Despite denials by the Prime Minister, Datuk Seri Najib Razak and his cohort of Ministers and publicity minions, revelations about Najib’s involvement in the RM50 billion 1MDB scandal continues unabated.
In fact, it would be appropriate to say that as far as revelation about Najib’s involvement in the 1MDB scandal – it doesn’t rain, it pours.
Reuters have reported that it has been informed by a FBI spokesperson that the U.S. Government is reviewing Goldman Sachs’ business relationship with Malaysia’s sovereign wealth fund as part of a broader, wide-ranging investigation into 1Malaysia Development Berhad (1MDB), an FBI spokesperson told Reuters yesterday.
Reuters reported that US law enforcement sources are “aware of Goldman’s possible involvement” in investments with 1MDB, but the bureau has “yet to determine if the matter will become the focus of any investigation into the 1MDB scandal.”
Reuters said the review into Goldman’s ties with 1MDB marks the latest development in a wide-ranging global investigation across three continents into possible corruption and money-laundering.
It reported that an FBI squad which specialises in “international kleptocracy” is leading the bureau’s inquiries.
The Wall Street Journal, which first reported on Wednesday on FBI’s review into Goldman Sachs and its connections to 1MDB has reported another instalment of its investigative journalism on Najib’s involvement with 1MDB, with its latest story headlined: “Malaysia’s Najib Played Key Role at Troubled 1MDB Investment Fund”.
Wall Street Journal reported that In early 2013 at the glitzy World Economic Forum in Davos, Switzerland, Najib approached Goldman Sachs with an urgent assignment, to help 1MDB raise US$3 billion quickly and quietly.
The money was raised but 1MDB has become the centre of a political scandal that has engulfed Najib, his government and the nation and has accumulated debts exceeding RM50 billion – according to Tan Sri Muhyiddin Yassin in his last speech as Deputy Prime Minister to the Cheras UMNO Division on July 26.
Furthermore, it has created dubious history for Malaysia, as 1MDB has become the subject of a raft of local and international investigations.
“Among other things, he (Najib) authorized several of its investments, according to documents that form part of Malaysia’s official investigation of the fund.
“He played a leading role in raising billions of dollars in financing for the fund, people familiar with the matter said, and Mr. Najib’s cabinet approved the $3 billion bond deal he enlisted Goldman to arrange in early 2013. That deal included a fee to the bank of nearly $300 million, said people close to the bank, far above the $1 million to several million typical if a bank doesn’t have to take on the risk involved in getting it done fast.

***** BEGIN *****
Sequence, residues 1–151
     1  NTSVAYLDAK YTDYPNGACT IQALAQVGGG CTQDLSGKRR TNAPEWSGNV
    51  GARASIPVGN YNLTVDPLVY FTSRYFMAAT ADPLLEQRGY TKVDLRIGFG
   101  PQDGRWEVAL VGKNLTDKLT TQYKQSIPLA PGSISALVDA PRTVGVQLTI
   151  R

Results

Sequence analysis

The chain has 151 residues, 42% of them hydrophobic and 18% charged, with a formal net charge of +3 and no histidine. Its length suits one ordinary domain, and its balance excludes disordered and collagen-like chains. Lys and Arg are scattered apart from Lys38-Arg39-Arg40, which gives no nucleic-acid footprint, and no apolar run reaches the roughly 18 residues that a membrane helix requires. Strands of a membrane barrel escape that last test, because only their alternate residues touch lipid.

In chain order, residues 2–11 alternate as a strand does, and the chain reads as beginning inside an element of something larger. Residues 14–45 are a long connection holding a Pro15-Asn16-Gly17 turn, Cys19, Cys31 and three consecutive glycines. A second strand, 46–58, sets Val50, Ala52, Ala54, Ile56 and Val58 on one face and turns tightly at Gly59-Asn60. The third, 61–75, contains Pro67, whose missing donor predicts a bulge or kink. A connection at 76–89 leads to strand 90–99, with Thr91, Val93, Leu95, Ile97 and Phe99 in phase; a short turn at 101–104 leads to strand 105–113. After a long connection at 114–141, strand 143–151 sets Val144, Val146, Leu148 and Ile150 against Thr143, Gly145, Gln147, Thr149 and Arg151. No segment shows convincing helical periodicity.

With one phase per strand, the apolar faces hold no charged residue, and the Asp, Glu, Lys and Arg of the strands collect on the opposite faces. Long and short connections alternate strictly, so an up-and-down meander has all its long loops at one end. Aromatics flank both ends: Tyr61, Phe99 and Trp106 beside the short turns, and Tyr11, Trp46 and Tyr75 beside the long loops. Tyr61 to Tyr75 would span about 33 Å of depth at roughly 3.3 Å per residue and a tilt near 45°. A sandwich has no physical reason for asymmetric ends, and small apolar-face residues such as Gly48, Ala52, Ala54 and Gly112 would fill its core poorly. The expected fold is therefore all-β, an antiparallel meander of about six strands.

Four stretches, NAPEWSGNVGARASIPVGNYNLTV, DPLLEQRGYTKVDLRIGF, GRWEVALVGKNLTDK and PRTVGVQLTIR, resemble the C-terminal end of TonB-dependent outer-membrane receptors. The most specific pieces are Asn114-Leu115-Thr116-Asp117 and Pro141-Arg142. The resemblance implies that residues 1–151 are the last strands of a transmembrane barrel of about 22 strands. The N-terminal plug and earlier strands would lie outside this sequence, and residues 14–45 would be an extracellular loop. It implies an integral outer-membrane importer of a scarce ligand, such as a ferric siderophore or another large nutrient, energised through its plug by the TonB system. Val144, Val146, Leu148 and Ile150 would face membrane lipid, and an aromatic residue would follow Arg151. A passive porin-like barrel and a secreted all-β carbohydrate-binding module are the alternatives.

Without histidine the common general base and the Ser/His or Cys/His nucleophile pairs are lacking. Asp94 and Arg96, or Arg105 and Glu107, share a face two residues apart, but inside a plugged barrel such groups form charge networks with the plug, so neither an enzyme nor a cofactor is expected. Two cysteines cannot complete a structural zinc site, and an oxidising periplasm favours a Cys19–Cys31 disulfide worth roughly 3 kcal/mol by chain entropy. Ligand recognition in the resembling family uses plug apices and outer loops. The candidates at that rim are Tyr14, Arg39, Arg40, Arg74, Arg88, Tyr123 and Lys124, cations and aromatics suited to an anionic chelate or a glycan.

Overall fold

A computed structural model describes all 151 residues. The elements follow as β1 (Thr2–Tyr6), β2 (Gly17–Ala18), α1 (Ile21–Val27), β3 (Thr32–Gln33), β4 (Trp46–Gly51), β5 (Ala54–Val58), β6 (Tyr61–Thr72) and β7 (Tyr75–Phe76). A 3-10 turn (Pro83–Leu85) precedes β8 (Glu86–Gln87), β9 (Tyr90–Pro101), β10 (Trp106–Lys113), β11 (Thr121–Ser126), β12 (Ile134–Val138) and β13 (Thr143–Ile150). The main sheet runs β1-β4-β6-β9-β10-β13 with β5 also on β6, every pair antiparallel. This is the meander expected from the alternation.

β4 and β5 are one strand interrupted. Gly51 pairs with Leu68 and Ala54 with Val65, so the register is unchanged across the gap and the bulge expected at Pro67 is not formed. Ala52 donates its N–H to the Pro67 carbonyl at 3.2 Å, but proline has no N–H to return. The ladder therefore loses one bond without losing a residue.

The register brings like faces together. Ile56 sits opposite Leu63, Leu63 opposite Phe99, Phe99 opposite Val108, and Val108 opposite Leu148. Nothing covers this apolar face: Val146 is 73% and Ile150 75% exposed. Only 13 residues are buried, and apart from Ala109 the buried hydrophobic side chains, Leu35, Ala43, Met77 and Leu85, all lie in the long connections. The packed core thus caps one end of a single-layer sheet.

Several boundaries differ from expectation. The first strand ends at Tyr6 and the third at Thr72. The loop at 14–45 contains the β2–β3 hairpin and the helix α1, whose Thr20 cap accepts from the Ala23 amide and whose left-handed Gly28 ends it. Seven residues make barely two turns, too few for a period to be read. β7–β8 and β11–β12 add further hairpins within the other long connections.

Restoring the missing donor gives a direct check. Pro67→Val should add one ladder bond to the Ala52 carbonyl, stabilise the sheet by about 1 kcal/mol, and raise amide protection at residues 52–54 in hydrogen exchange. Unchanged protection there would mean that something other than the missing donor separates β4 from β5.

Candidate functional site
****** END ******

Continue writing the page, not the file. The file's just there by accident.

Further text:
“Mr. Najib personally ordered the removal of the 1MDB fund’s auditors when they wouldn’t sign off on its books, the government investigation found. He authorized the fund to make investments of millions of dollars although some board members had raised concerns about them, documents in the auditor general report show.
“Malaysian investigators, the Journal reported in July, have traced deposits of almost $700 million into the prime minister’s alleged personal accounts via agencies, banks and companies linked to 1MDB. The original source of the funds was unclear, and the government investigation didn’t detail what happened to the money that allegedly went into Mr. Najib’s accounts.”
With this background of frequent revelations about Najib’s involvement in the 1MDB scandal, the statement by the 1MDB CEO Arul Kanda on Wednesday that 1MDB was “no longer under investigation” is a bare-faced lie when 1MDB is breaking records as the most investigated company in Malaysian history, both in the country and internationally.
What is shocking is 1MDB adopting this stance just before Parliament’s reconvening on Monday.
Is this indication that “stonewalling” is going to be the Prime Minister’s strategy in Parliament, claiming that 1MDB is “no longer under investigation” and that there is nothing for the Prime Minister to answer in Parliament?